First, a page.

Wednesday Words - the middle of the beginning

Picking up where I left off last Wednesday... there I was, learning that no one was perfect, that there were grey areas, that things are not always as they seem and all the adult-y type things that most people learn in their twenties and thirties.  Things that had been germinating in my mind for a few years were starting to peek out again and ask for some time and air.  Living abroad has given me many things, but one of them is the freedom to question and explore things that seemed off limits, like religion.  

Starting while we lived in Boston, watching other people take a hiatus from the church, step back and ask questions, or admit that they were curious about why things were the way they were didn't produce the same double-down type response in me like it used to.  Too many things had happened.  I had gotten to know too many wonderful, loving people who didn't fit the mold of a "righteous" person for me to see things that cut and dried anymore.  

I can site several events as important turning points in this religious journey of mine.  One was several close friendships with gay mormon men that helped me understand what it meant to be gay and how painful it was to feel like they couldn't be mormon and themselves at the same time.  Another was finding out through specific examples when religious leaders who portrayed themselves as infallible were revealed to be rather fallible indeed.  Another was just waking up and realizing that women really do merit the same respect and opportunities as men and it didn't seem to be happening in my church.  

During our first year in France, I watched as Kate Kelly, a feminist and mormon I admired ,led a daring women's movement.  This group of women asked the leaders of the Mormon church to ask God if women could hold more leadership positions and even perhaps receive the priesthood.  She was viciously maligned on-line by believing mormons and brought to a church court for possible excommunication.  I remember not believing such an archaic and punitive punishment was possible for someone who was, in my opinion, asking questions that needed to be asked.  The morning I saw the news of her excommunication I remember distinctly kneeling by my bed, still dripping wet from my shower and sobbing.  I asked God what was happening.  I asked myself how this could be interpreted as Christian.  I wept, not because I knew her, but I wept for what that excommunication meant to me.  It was signal.  Curiosity, is not welcome if it is outside the prescribed bounds.  I was stumbling under the weight of one more blow to my core principles.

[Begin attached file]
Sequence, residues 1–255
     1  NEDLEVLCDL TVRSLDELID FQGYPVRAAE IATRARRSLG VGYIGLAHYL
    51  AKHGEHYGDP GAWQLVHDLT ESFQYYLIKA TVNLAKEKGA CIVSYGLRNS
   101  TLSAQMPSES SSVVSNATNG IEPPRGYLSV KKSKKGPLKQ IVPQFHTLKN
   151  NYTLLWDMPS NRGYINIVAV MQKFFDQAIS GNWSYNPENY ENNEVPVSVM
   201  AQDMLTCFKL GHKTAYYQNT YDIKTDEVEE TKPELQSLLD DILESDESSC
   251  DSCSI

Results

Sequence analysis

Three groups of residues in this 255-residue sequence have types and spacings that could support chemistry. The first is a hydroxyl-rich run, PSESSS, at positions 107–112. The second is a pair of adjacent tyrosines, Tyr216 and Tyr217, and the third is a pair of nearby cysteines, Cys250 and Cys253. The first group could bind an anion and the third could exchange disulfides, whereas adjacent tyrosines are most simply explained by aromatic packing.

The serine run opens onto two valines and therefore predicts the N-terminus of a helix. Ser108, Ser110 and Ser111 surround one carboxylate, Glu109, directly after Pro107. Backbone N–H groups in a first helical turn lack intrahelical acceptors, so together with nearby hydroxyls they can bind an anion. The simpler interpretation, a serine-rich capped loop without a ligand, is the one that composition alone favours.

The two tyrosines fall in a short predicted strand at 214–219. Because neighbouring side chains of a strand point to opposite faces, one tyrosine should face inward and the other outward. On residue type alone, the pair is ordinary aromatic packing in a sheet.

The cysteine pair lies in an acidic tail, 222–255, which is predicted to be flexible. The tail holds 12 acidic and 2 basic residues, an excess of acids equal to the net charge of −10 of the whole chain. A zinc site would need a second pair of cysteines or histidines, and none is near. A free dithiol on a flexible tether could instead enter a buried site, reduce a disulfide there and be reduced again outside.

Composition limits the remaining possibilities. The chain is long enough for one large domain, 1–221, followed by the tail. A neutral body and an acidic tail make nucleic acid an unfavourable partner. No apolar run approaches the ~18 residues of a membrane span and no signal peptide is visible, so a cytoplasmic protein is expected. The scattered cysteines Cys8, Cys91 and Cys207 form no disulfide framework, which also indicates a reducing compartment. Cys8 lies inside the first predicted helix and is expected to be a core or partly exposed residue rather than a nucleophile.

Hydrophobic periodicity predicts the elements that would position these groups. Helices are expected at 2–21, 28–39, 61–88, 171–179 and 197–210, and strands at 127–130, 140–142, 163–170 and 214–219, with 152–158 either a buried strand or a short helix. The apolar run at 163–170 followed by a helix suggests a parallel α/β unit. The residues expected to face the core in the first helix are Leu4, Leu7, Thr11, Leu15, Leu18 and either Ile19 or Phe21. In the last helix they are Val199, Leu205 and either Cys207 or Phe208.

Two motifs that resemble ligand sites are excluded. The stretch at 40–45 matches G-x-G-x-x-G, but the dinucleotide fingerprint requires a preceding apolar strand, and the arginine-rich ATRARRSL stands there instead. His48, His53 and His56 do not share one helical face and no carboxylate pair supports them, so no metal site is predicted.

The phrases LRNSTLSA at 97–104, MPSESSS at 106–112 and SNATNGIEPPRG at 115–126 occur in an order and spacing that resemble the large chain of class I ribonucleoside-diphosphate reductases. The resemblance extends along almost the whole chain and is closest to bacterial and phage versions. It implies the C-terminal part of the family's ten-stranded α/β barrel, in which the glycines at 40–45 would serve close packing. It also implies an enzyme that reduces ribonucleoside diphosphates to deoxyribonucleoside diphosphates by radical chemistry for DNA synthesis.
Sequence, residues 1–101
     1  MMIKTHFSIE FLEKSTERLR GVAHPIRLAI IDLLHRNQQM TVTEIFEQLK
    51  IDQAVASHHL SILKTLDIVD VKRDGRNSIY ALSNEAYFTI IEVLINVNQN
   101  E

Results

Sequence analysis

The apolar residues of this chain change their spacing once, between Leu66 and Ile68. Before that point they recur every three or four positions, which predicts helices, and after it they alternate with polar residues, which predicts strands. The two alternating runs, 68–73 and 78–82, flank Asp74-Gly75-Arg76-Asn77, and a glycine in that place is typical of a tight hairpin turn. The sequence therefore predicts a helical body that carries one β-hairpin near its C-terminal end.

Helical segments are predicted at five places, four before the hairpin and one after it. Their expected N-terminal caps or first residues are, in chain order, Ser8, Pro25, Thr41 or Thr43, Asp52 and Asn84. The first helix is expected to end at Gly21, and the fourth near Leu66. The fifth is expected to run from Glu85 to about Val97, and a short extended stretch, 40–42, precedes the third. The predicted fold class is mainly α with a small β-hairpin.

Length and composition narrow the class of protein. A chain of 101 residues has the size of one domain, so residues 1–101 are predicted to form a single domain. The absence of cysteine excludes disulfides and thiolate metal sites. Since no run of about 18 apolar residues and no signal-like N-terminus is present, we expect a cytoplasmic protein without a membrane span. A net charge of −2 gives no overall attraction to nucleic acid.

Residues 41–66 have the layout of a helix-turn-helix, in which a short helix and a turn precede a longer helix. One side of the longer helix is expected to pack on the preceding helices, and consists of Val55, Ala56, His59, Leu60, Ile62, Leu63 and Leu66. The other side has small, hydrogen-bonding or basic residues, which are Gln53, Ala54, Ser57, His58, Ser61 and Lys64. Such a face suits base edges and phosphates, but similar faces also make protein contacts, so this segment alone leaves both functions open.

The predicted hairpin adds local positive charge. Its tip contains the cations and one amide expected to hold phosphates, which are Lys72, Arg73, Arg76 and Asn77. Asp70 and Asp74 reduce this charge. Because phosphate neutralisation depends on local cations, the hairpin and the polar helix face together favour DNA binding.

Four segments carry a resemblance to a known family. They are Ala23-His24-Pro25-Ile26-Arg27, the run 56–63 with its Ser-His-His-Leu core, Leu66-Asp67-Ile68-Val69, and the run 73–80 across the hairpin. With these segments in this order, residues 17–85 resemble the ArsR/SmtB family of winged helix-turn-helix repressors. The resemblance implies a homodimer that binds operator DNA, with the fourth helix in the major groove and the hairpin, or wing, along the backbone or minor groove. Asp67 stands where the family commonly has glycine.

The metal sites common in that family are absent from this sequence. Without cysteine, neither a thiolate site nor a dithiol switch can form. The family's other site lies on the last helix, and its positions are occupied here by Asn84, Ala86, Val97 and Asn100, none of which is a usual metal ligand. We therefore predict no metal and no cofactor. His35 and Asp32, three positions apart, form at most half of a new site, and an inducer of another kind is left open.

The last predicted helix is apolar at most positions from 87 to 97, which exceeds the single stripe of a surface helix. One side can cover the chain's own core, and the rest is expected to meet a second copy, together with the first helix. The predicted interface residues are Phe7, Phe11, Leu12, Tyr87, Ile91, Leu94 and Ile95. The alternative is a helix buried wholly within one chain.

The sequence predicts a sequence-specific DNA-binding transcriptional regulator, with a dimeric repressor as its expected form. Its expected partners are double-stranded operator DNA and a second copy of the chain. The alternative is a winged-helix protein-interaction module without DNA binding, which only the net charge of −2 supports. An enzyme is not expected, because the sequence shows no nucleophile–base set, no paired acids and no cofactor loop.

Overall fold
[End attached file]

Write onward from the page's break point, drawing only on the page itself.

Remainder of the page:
With that soggy, grief filled morning at my back, I started to really look with fresh eyes at the institution that I had grown up with, the culture that nurtured me, and the principles upon which I had based many of my life decisions.   I began with Joseph Smith.  I began to use deductive reasoning instead of inductive reasoning.  I went to primary sources when I could.  His secretive practice of polygamy changed my perspective and my beliefs because I felt that with the weight of proof they had to change.  

The flood gates had opened and I had a lot to figure out, not only about my church, but about myself.  I have spent a lot of time doing so.  I have prayed and meditated, and discussed and therapized and read.... and all of that has lead me to the end of the beginning; a new birth, a new path and what I feel, is a better place for me.  


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